If you’re looking to develop a career that will allow you to work to directly enhance people’s quality of life, then occupational therapy could be ideal. It lets you work hands-on with patients, finding solutions to their problems where no-one else can, building up their confidence, and giving them new freedoms or restoring old ones they have lost. You’ll be working to improve their physical, psychological, social and environmental prospects, helping them to perform everyday tasks more safely and effectively, giving them better access to employment, and helping them use technology to enhance their skills.
With all that said, what skills do you need to make this happen? This article takes you through the building blocks of an occupational therapy career.
Important skills in occupational therapy
As an occupational therapist, you won’t be required to diagnose complaints or advise on medication, but you will need to have a good basic understanding of medical issues, anatomy and neurology. In most cases, you’ll be able to build on this with additional research on specific issues immediately prior to working with new patients. This will help you to ensure that the work you do is safe and appropriate in each case and make it easier for you to understand your patients’ needs, bearing in mind that they won’t always be able to articulate them very well. It will also help you to understand and engage effectively with treatment plans established by physicians, nurses or physiotherapists.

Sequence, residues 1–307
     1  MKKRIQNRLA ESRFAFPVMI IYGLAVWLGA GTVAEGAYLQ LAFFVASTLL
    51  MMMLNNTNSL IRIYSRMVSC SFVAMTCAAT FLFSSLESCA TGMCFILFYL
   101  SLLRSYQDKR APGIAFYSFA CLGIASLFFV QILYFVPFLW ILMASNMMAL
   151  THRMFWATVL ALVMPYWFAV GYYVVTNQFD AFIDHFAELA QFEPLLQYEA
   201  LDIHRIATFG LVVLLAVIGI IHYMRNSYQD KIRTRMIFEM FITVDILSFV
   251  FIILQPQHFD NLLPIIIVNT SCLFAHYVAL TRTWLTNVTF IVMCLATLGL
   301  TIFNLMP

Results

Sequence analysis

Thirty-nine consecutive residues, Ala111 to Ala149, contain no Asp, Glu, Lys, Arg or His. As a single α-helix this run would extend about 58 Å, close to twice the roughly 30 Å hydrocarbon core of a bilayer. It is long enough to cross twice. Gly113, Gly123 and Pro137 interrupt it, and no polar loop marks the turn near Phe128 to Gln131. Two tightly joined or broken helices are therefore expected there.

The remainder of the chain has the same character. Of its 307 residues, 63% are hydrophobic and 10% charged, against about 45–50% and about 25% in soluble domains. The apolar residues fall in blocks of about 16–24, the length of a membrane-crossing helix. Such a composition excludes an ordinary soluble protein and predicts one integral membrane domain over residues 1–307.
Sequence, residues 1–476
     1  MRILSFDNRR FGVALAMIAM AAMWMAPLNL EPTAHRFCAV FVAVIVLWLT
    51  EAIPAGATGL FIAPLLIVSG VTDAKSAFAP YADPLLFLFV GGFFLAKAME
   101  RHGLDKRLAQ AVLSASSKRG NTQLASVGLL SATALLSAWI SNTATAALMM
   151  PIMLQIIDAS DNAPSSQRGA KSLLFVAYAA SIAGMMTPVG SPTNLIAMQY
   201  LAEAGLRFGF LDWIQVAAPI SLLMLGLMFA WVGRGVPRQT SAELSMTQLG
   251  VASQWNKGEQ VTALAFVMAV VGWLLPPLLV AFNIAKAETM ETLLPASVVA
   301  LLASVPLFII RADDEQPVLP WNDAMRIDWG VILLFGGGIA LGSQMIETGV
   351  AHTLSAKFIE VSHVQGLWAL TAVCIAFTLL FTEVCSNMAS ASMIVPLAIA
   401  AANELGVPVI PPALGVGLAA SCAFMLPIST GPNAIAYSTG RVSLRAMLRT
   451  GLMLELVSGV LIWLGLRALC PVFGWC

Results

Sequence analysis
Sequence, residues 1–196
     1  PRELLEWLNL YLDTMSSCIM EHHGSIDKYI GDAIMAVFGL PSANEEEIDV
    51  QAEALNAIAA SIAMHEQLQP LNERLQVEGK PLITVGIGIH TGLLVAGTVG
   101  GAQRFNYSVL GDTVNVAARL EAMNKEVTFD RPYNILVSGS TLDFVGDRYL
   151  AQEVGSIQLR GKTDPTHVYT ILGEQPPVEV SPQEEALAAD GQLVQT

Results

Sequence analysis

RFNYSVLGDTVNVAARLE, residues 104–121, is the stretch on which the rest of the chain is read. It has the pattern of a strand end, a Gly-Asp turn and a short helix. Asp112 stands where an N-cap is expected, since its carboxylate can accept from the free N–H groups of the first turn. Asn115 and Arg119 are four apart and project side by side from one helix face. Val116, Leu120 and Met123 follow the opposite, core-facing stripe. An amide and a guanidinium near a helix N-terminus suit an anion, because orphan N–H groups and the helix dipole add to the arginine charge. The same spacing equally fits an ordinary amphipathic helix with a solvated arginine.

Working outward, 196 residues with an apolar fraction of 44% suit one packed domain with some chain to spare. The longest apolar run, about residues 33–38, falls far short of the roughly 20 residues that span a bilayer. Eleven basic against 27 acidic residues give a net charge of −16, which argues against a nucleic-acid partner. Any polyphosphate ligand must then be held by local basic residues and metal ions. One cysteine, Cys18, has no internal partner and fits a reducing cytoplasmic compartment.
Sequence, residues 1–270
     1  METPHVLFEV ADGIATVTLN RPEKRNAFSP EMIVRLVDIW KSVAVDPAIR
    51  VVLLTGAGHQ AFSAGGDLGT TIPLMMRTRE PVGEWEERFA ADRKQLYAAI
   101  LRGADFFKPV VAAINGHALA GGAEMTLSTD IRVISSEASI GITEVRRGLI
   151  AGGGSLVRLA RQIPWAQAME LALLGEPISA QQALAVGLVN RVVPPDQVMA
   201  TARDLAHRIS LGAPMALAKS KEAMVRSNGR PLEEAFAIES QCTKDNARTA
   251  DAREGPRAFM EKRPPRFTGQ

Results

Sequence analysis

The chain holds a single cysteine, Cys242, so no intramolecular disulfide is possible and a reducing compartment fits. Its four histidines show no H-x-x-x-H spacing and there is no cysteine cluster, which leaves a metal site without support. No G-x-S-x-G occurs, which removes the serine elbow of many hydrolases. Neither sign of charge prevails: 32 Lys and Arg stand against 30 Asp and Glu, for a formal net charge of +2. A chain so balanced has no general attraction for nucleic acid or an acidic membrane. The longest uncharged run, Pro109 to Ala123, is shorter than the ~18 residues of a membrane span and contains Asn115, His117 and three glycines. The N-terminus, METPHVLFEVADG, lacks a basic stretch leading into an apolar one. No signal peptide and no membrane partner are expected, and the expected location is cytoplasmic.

As well as having a good basic understanding of how bodies work, you’ll need to understand the various pieces of equipment that can help patients – everything from simple gadgets and levers to more complex pieces of machinery such as electric stair-climbing wheelchairs and hoists. You’ll need to be able to teach patients and their carers how to use equipment safely, and you may even be involved in helping to design bespoke equipment where existing options fall short of what’s needed. Alongside this, you’ll need to be comfortable with the technology needed for telemedicine, and you may find yourself required to provide technical support to patients who are just learning how to make this work at their end.
As an occupational therapist, you’ll often be dealing with vulnerable people. Some of them will have cognitive impairments, while others will be affected by trauma or suffering from distracting levels of pain. This makes it imperative that you can communicate clearly. You’ll also need to be a good listener and develop your active listening skills. It’s vital to get a clear picture of your patients’ needs if you are to assist them effectively. Don’t assume that either carers or other healthcare professionals understand the situation completely. Be patient and make sure that patients know that they can trust you. Bear in mind that even those who are not legally able to give consent can often articulate their wishes if given enough time and support.